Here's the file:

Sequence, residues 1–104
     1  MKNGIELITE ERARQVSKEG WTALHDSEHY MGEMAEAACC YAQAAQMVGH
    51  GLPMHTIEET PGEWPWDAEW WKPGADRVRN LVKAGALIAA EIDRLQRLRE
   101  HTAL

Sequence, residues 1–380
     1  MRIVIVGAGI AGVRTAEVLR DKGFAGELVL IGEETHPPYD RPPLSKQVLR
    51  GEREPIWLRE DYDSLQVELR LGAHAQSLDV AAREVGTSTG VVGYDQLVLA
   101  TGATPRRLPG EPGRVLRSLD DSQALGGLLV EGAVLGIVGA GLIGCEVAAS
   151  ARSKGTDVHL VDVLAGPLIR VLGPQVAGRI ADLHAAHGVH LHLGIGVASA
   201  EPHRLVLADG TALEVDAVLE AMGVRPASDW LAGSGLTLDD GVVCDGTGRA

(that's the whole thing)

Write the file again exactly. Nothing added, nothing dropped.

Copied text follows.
Sequence, residues 1–104
     1  MKNGIELITE ERARQVSKEG WTALHDSEHY MGEMAEAACC YAQAAQMVGH
    51  GLPMHTIEET PGEWPWDAEW WKPGADRVRN LVKAGALIAA EIDRLQRLRE
   101  HTAL

Sequence, residues 1–380
     1  MRIVIVGAGI AGVRTAEVLR DKGFAGELVL IGEETHPPYD RPPLSKQVLR
    51  GEREPIWLRE DYDSLQVELR LGAHAQSLDV AAREVGTSTG VVGYDQLVLA
   101  TGATPRRLPG EPGRVLRSLD DSQALGGLLV EGAVLGIVGA GLIGCEVAAS
   151  ARSKGTDVHL VDVLAGPLIR VLGPQVAGRI ADLHAAHGVH LHLGIGVASA
   201  EPHRLVLADG TALEVDAVLE AMGVRPASDW LAGSGLTLDD GVVCDGTGRA